A natural mosquito killer honed at Peoria's Ag Lab is cutting the mustard
Researchers at the Peoria Ag Lab say their new mosquito killer cuts the mustard - literally.
Mustard seed meal is a byproduct of the processing used to make condiments and other products. But when it's soaked in water, it becomes something more potent, for mosquitoes at least.
Mosquitoes are the carriers of many diseases that can be transmitted when they feed on the blood of people or animals. Those include malaria and West Nile Virus.
Dr. Will Hay is a plant physiologist at for the Agricultural Research Service. He said water activates a compound called glucosinolate.
"Those are natural plant defense compounds, that when the plant is damaged by insects, or by pathogens, they'll begin to be broken down and hydrolyzed by myrosinase enzymes," he said.
That process converts the gulcosinolate into a biologically active compound called isothiocyanate that can kill mosquitoes and other insect pests.
Dr. Lina Weiler is an entomologist at Peoria's Ag Lab. She said her unit had heard about Hay's work on the plant side of the equation.
"I said, maybe we should test it with mosquitoes. And so we did, we tried it. And we found it really effective," she said.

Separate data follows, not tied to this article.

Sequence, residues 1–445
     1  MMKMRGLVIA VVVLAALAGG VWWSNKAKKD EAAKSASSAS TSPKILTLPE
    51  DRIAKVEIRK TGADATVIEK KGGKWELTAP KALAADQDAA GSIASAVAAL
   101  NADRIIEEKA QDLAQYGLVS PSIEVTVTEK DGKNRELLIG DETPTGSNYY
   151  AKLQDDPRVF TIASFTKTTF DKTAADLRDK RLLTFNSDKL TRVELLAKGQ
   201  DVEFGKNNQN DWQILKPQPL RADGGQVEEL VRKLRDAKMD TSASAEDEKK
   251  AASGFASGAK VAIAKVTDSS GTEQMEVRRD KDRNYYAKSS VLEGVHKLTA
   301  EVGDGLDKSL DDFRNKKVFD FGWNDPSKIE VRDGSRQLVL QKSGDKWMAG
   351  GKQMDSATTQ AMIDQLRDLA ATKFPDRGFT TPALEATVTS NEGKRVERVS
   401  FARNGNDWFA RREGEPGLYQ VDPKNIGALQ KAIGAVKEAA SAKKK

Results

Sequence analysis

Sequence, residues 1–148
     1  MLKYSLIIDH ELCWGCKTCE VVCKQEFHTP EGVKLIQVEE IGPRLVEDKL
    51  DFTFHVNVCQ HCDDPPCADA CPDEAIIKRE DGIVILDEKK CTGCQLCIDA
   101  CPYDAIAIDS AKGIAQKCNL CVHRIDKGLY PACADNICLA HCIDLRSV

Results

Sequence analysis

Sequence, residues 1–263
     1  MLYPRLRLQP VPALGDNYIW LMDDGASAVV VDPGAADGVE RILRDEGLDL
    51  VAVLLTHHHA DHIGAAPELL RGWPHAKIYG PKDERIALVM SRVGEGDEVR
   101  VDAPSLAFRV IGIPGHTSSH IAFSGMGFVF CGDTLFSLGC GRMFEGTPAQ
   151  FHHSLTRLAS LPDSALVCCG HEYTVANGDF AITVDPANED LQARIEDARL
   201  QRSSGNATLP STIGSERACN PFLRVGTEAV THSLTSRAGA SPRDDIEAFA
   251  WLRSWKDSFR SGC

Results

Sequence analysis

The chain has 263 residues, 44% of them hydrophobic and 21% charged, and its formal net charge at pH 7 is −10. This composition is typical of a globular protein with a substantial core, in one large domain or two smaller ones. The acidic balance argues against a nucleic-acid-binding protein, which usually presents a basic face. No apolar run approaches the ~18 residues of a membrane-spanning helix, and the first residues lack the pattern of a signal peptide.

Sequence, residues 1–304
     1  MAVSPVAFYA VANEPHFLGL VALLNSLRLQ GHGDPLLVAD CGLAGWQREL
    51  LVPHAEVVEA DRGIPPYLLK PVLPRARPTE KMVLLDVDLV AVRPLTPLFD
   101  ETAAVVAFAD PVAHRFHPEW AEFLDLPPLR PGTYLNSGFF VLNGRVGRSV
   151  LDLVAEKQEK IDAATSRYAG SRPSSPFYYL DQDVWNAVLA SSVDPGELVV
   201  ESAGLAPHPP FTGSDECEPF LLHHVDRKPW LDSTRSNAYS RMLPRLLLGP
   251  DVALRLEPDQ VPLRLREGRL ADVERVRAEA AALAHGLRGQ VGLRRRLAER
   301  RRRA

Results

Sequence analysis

She tested four strains of mustard seed meal in water to see how it impacted mosquito larvae. Those included pennycress, white mustard, brown mustard, and garden cress. While all four varieties have an impact, garden cress is most lethal to the insects. 95% die within 24 hours, and 100% are killed off within 48 hours of exposure to garden cress. Mosquito larvae in the control population were still alive.
Because mosquito larvae thrive in stagnant water, Weiler said mustard seed meal is an ideal solution. She said oil extracts are also effective, but mosquito larvae eating the seed meal get a deadlier dose.
Hay said that unlike many synthetic insecticides, mustard seed poses no health threat to humans.
"It is a food product as well as a number of the mustards. So it's really an interesting technology for dealing with mosquitoes," he said.
Weiler said the next steps in research involve testing the impacts of inexpensive mustard seed meal on other insect pests. She's most interested in targeting immature stages of development, before insects can inflict damage and disease on people.